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Ardnaglendulloch - What to Expect

With the imminent and much anticipated release of Ardnaglendulloch’s first whisky, we decided to catch up with some of the people behind it to find out the direction they were going in. Located in the historically whisky-drenched area of Corstorphine, it is much-lauded that Ardnaglendulloch will finally bring distilling back to the area after a nine-hundred-year hiatus.

Edinburgh, somewhere near where Ardnaglendulloch might be.
Edinburgh, somewhere near where Ardnaglendulloch might be.

Speaking to Grant Robertson, Owner and Distiller, we sought to find out what these new releases would look like when they came to market. “They will be exceptionally small batches”, Robertson told us, “of approximately 500ml each. Each bottle will be labelled ‘Number One’ – and though this is of course not our intention, they will likely become highly collectable.”

Robertson, whose family have existed for over three generations, went on to describe the style we can expect from Ardnaglendulloch: “We found, through extensive research, that whisky was being made as far back as 1993. We are endeavouring, as much as is possible, to recreate the style that was used in those pioneering days. It’s quite something to think that while Whitney Houston was belting out ‘I Will Always Love You’, folk were already making whisky in much the same way we do today.”

“We also want to be true to the distillery character, producing spirit forward whisky with little cask influence – all the while using very active sherry casks to produce an exceptionally dark colour to make it desirable when viewed online.” Sherry casks have been sourced from a historic and dwindling Bodega in Jerez, where they have been used to age high quality sherry for up to eighty years. They have subsequently been re-charred, recoopered, and re-seasoned with reassuringly available sherry.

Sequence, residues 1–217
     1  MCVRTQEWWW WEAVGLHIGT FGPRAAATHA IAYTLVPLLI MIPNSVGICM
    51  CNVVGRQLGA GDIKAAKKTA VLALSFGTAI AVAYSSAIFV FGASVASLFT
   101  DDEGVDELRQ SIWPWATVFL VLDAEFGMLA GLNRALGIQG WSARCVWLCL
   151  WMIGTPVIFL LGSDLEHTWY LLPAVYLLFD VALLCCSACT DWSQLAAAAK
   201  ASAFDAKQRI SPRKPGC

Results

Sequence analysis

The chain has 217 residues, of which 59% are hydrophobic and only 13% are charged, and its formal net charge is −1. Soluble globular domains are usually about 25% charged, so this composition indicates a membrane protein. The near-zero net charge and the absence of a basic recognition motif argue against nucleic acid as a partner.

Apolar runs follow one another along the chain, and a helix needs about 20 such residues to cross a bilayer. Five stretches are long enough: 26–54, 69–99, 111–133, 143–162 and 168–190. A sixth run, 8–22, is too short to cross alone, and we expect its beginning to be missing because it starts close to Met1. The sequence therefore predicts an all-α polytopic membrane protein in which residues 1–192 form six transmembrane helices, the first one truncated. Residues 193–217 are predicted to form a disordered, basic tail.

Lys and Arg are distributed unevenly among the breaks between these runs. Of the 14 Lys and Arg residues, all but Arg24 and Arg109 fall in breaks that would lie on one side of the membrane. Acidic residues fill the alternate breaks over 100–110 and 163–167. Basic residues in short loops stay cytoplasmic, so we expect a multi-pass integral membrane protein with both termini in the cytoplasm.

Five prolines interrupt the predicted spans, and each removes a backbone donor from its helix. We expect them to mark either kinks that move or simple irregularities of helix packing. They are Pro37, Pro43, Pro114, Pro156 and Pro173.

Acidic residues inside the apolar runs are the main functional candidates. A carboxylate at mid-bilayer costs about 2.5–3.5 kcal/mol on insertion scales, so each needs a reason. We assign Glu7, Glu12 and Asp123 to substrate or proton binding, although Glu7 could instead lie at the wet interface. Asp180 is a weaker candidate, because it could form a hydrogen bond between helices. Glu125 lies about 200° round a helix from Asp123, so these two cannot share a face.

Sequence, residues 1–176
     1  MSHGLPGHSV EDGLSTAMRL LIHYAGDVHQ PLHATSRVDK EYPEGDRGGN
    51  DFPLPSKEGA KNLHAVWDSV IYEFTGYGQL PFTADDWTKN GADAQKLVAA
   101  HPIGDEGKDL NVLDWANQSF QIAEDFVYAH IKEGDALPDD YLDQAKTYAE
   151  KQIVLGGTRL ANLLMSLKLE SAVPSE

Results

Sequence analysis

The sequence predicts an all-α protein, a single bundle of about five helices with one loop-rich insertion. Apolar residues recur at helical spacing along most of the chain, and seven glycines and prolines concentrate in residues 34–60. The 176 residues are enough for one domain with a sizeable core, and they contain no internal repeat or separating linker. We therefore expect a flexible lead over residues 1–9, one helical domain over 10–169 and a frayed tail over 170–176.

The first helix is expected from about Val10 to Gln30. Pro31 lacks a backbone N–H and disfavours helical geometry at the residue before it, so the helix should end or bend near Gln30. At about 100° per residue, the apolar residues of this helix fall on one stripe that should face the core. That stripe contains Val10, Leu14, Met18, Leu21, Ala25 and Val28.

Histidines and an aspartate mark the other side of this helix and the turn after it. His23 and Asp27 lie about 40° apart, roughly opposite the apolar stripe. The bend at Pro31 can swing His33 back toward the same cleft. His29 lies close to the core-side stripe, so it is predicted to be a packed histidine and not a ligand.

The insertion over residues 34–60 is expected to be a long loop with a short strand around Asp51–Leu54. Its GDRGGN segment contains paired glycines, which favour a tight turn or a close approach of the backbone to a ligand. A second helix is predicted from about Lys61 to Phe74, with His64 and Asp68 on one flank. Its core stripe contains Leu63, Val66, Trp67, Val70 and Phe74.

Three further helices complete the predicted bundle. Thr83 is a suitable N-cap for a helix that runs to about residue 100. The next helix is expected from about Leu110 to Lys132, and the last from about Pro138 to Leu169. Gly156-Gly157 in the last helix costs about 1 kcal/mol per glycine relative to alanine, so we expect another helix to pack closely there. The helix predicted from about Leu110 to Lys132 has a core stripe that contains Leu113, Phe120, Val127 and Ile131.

All this sounded very promising, but in this day and age consumers want a little bit more of a glimpse behind the scenes – an insight into the nuts and bolts of whisky production. We pressed Robertson on which part of his process would make his whisky stand out – what, to coin a phrase, was it’s USP? “Wormtubs”, replied Grant without hesitation, “when it comes to condensing vapour back into a liquid, wormtubs are certainly a way of doing it.”

Well, we’re certainly sold. Seems as if Ardnaglendulloch is quite literally going to tick every box. Though here at W & C we are aware that in the fickle marketplace of whisky consumers, packaging can be make or break for a brand, especially a new one. We were assured that the labelling “would reflect the time of release whilst also harking back to the whisky labels of old – the 1990s – which themselves reflected the classics of the 1960s. But obviously in a very modern way – in bright pink … Retro.”

The bottle’s are also fitted with a QR code, which when scanned on a smartphone opens the front camera – meaning that those who do manage to purchase a bottle don’t miss out on the look of self satisfaction on their own face. When asked about the closures of the bottles – would they be sporting a hand dipped wax seal, for instance – Robertson simply replied “We’ll not be needing them. The bottle will be simply one piece of sealed glass – it’s not like anyone will open one”.

Ardnaglendulloch will be available soon, exclusively from auction sites. When pushed on the reasoning behind this Mr Robertson told us “They’re all going to end up there anyway. It’s only the secondary market if you don’t sell it there first.”

*It is worth noting that at time of publication Ardnaglendulloch had closed after its first spirit run, producing only 3400 one-bottle batches. Needless to say these are all extremely sought after – as we all know, if a distillery can not continue to operate, it must have been good.

This is (hopefully obviously) a satirical article written in collaboration with Conor O’Keeffe and Alan Mulvhill. All of it is made up and no particular companies or figures are intentionally referenced.


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